This article was originally distributed via PRWeb. PRWeb, WorldNow and this Site make no warranties or representations in connection therewith.
SOURCE: Zane Benefits
During 2013, Only Premiums Paid to a Health Insurance Issuer Count Towards the Health Care Tax Credit
Park City, Utah (PRWEB) February 04, 2013
Today, Zane Benefits, Inc. published new health care tax credit FAQ’s for 2013. Zane Benefits, which provides comprehensive and flexible alternatives to traditional employer sponsored health benefits, is the leader in defined contribution and health reimbursement accounts.
According to Zane Benefits’ website, early three years ago, the President signed the Affordable Care Act into law. As a result, small businesses could be eligible for a health care tax cut in 2013. Here are some FAQs to help small businesses determine if they are eligible for the credit this year.
What Expenses Count in 2013?
According to Zane Benefits’ website, only premiums paid by the employer under a qualified arrangement count. The employer must pay at least 50 percent of coverage. If the employer provides more than one type of coverage or if the employer’s health insurance provider does not charge the same premium for all enrolled employees, the employer may qualify even if he or she paid less than 50 percent of the premium cost for some employees. See section III.G of Notice 2010-82 for more guidance.
What is the Average Premium for the Small Group Market in a State, and Where Can Employers Find the Average Premiums for 2013?
According to Zane Benefits’ website, The IRS publishes the information for calculating the credit in the Instructions for Form 8941, Credit for Small Employer Health Insurance Premiums, each year. The IRS works with the Department of Health and Human Services to obtain the average premium figures for the Small Employer Health Care Tax Credit each year.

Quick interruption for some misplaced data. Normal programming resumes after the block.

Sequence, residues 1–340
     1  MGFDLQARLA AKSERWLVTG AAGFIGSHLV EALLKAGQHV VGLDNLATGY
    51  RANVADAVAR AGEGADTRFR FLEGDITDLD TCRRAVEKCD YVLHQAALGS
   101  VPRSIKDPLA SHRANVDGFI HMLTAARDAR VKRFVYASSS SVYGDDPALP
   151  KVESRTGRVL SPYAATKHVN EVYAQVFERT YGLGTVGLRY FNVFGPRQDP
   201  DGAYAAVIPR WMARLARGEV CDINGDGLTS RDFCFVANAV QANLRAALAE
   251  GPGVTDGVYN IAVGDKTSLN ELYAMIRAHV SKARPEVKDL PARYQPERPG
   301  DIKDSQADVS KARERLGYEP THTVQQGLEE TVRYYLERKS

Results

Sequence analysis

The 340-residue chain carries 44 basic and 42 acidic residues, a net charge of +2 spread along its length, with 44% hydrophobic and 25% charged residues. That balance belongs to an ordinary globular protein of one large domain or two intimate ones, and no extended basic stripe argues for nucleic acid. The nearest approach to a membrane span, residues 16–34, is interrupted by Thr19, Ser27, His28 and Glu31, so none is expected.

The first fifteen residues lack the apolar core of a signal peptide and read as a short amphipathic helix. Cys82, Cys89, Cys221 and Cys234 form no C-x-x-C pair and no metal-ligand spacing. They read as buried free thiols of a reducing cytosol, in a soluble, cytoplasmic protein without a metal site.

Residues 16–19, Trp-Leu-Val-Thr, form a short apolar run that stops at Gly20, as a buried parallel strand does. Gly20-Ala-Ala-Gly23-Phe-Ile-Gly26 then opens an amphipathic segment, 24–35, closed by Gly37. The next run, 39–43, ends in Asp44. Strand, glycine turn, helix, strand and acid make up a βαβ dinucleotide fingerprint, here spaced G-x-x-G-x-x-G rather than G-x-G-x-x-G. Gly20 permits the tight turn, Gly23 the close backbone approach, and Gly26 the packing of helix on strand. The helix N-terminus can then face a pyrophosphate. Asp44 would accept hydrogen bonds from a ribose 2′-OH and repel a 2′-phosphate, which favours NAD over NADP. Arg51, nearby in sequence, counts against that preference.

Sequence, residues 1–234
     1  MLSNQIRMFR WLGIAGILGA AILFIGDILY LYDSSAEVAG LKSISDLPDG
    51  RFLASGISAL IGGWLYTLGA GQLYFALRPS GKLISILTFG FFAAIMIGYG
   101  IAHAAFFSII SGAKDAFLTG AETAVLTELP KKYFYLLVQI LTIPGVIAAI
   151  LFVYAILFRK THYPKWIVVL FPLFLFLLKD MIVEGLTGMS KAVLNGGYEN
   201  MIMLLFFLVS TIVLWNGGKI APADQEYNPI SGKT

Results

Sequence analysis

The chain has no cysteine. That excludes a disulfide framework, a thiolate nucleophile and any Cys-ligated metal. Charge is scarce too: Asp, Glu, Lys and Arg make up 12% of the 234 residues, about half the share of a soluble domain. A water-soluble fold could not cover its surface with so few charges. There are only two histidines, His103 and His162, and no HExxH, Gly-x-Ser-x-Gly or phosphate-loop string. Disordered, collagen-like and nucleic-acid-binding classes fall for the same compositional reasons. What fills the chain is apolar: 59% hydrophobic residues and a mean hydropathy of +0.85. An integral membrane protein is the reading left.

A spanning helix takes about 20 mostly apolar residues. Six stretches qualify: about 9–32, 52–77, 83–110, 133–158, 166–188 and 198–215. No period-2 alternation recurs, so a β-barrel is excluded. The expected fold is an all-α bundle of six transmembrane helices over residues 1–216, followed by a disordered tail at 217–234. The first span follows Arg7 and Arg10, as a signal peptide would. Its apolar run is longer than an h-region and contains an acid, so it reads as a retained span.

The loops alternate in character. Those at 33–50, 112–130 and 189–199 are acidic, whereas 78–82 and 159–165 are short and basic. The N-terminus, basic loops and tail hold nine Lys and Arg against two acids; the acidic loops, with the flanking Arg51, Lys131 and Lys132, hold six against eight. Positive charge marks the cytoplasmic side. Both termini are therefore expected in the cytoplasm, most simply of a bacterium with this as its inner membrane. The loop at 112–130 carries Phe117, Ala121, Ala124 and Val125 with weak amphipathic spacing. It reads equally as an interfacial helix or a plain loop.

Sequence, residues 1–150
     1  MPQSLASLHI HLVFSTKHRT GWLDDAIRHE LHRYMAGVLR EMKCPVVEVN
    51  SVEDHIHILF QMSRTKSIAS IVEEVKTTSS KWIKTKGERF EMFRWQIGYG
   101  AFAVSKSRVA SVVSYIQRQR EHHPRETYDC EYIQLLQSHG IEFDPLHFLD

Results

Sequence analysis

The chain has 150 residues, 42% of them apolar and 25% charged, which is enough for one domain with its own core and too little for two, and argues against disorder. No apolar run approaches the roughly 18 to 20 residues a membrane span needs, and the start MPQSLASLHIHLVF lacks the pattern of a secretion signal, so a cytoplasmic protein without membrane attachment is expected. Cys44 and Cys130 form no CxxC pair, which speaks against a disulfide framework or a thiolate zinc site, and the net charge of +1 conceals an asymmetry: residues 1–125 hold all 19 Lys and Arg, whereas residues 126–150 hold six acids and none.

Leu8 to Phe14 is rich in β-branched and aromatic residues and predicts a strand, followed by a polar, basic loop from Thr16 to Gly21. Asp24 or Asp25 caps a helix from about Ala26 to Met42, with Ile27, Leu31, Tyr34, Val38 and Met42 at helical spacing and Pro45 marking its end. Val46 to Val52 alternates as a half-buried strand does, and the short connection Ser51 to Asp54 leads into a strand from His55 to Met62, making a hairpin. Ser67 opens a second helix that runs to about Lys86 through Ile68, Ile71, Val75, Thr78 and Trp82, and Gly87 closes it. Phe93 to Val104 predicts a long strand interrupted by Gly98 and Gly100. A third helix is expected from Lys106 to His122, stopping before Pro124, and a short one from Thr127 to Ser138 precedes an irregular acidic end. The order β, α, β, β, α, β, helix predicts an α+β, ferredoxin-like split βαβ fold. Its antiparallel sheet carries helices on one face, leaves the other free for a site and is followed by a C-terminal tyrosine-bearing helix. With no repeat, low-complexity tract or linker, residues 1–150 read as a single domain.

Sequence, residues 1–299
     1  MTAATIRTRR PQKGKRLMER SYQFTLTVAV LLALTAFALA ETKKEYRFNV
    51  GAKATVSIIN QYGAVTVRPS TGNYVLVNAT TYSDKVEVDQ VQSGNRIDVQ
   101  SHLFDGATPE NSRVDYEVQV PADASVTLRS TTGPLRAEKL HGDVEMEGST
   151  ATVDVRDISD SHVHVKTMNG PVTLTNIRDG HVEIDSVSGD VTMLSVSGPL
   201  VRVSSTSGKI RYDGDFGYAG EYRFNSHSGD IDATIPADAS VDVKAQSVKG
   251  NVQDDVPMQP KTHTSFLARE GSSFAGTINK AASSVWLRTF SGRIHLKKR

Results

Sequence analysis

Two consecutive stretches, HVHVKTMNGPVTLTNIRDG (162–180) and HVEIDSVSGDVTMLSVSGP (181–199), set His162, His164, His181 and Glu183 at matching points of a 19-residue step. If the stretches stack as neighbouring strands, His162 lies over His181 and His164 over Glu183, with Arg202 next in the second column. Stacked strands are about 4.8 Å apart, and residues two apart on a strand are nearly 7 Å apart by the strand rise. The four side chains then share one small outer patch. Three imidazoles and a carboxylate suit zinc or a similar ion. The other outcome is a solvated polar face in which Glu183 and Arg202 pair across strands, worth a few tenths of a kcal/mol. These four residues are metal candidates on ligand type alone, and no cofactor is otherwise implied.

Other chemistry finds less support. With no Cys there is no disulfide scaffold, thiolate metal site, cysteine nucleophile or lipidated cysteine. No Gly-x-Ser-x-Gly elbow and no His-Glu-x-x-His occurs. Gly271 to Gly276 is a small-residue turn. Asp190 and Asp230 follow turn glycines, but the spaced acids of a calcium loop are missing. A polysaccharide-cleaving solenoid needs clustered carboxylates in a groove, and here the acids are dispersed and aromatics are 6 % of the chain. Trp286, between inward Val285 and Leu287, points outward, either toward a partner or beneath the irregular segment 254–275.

What Effect Do State Credits and State Subsidies for Health Insurance Have on the Amount of the Federal Health Care Tax Credit?
According to Zane Benefits’ website, some states offer tax credits or a premium subsidy to certain small employers who provide health insurance to their employees. Generally, the premium subsidy is in the form of direct payments to the employer or to the employer’s insurance company. The effect these credits and subsidies on an employer’s federal health care tax credit depends on whether the direct payment goes to the employer or the insurance company.
If a state tax credit or a premium subsidy is paid directly to the employer, the effect on calculation of the federal health care tax credit in general is zero.
If a state makes payments directly to an insurance company, the state is treated as making these payments on behalf of the employer. That may affect whether the employer is still paying 50 percent of workers’ health insurance costs.
State payments aside, the federal health care tax credit cannot exceed the amount of the employer’s net premium payments. In the case of a state tax credit for an employer or a state subsidy paid directly to an employer, the employer’s net premium payments are calculated by subtracting the state tax credit or subsidy from the employer’s actual premium payments. In the case of a state direct payment to an insurance carrier, the employer’s net premium payments are the employer’s actual premium payments.
About Zane Benefits
Zane Benefits was founded in 2006 to provide a revolutionized SaaS (Software-as-a-Service) administration platform ("ZaneHRA") for Health Reimbursement Arrangement (HRAs) and defined contribution healthcare. The flagship software provides a 100% paperless administration experience to employers and insurance professionals that want to offer better health benefits without a traditional group health insurance plan at lower costs. For more information about ZaneHRA, visit http://www.zanebenefits.com.
For the original version on PRWeb visit: http://www.prweb.com/releases/prweb2013/2/prweb10389327.htm